Even the imminent threat of Russian shelling isn’t enough to make the Western world get serious about reducing its dependency on oil and natural gas.
After giving a standing ovation to Volodymyr Zelenskyy, the Ukrainian Jewish reincarnation of Winston Churchill, the British government said it would stand shoulder to shoulder with him by… ceasing Russian fossil fuel imports by the end of the year. The Germans and other Europeans, yet more dependent on Russian oil and gas, have vowed to fight back against the rabid bear by… er, trying to wean themselves by 2030, by which time Putin’s troops could be celebrating the seventh anniversary of their capture of Paris and Berlin.
The standard lament among Americans who are rightfully enraged at the stranglehold that the fossil fuel industry has always had on U.S. energy policy is, “Why can’t we be more like the Europeans?” The grim truth, in my view, is that the Europeans look good only by comparison. Climate calamity is already upon us, deniable only by those who can look with equanimity upon old people roasting to death in the Pacific Northwest in the summer, Californians perishing in enormous wildfires, record fatalities in ever more monstrous hurricanes, and Southerners killed by (what once would have been considered) impossible winter tornadoes, and say, in effect, “Duh, where’s your proof?” (The stupidity is willed rather than inborn, with figures like the brilliant George Will too emotionally invested in their wrong position to change.)
And that’s just a sampling of recent American catastrophes. The Europeans are enduring similar disasters, yet the best they can bring themselves to do is play the shell game of trading carbon credits. Yes, it’s better than nothing, but it is like bailing water from a sinking ship with tea cups while continuing to drill holes in the hull. Even AOC’s vaunted “Green New Deal” likely doesn’t go far enough. We need drastic rationing of fossil fuels now, comparable to or exceeding World War II era restrictions to cut consumption like we did involuntarily in the early months of the COVID-19 pandemic, coupled with a crash program to develop multiple green energy, conservation, and carbon sequestration technologies. Human ingenuity can work miracles, but there isn’t going to be a single silver bullet for a problem this complex.
The poor need to be shielded from, rather than unfairly exposed to, the harshest effects of the economic downturn that would result for at least several years, until the green technologies come fully online, creating new jobs and stimulating economic growth. Yet no politicians will entertain the drastic measures that are needed, out of a probably correct suspicion that public opinion wouldn’t stand for it. In democracies, economic downturns get them voted out of office, while in countries like China they’d more likely end up in front of a firing squad. Even the prospect of a mild rise in gas prices was enough to dissuade Biden from banning the relatively small proportion of U.S. fossil fuels imported from Russia, until Congress forced his hand. Public opinion, friends, ultimately means me and you.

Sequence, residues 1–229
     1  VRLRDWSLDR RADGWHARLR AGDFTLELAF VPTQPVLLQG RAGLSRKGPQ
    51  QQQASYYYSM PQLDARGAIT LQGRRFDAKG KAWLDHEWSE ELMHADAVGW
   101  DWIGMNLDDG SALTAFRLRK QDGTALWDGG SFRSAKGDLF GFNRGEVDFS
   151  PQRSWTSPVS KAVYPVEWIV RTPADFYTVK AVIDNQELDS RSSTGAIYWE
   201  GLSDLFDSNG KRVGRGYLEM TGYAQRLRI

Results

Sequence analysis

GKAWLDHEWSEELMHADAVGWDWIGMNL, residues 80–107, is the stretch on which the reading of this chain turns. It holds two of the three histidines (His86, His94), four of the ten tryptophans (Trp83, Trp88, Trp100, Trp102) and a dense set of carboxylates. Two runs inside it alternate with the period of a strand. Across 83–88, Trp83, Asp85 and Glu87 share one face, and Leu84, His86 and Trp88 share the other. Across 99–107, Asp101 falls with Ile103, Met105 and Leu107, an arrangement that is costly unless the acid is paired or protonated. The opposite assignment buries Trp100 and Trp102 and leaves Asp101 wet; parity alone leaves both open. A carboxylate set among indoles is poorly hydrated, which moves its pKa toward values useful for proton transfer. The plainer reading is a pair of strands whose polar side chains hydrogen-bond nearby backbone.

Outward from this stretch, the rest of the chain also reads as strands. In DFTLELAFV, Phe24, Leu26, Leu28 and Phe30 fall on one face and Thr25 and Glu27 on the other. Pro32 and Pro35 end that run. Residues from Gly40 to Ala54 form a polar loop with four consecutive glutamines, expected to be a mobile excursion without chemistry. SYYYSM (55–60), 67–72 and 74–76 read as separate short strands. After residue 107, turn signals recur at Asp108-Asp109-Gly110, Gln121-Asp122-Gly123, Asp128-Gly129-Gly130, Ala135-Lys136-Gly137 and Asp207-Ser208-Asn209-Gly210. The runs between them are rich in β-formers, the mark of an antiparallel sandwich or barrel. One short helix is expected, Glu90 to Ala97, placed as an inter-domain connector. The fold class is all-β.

The Western world isn’t alone responsible for causing the problem and contributing to the solution, though it’s fair for countries such as India and China to argue that the West was first and worst. Why should the tens of millions of Indians and Chinese who have barely begun to lift themselves out of age-old poverty be told they must abandon their dreams of living like affluent Westerners, if the Westerners themselves won’t compromise on their lifestyle? The true answer is that nobody on Earth should live like that anymore, if we want out children and grandchildren to have a tolerable future. But human nature being what it is, the prospects look bleak.
The word radical comes from a Latin word meaning “root,” and what is required, but seems beyond our mental and spiritual grasp, is a change at the root of our way of life such as few self-styled radicals have ever imagined. The vision we need is related to the “Gaia” movement and animal-rights type of thinking, even if those particular models would never be acceptable to most people. Look: Our world of eight billion human beings is never going back to some imaginary state of nature. All those myriads of folks aren’t about to move into self-built log cabins like Henry Thoreau or Ted Kaczynski (the “Unabomber”), and it’s a pointless and destructive fantasy to insist that we all do that. Like it or not, we are stuck with industrial civilization, and even with the mounting troubles of the past decade or more, hundreds of millions of people in the so-called “developing world” are still immeasurably better off than their parents or grandparents were in 1990. There is no going back, and therefore our only real choice in the end is to build a world in better harmony with the other living things with which we share this planet—the only living things anywhere in our incomprehensibly vast universe, so far as we know. But I fear the cost in avoidable suffering until we get there.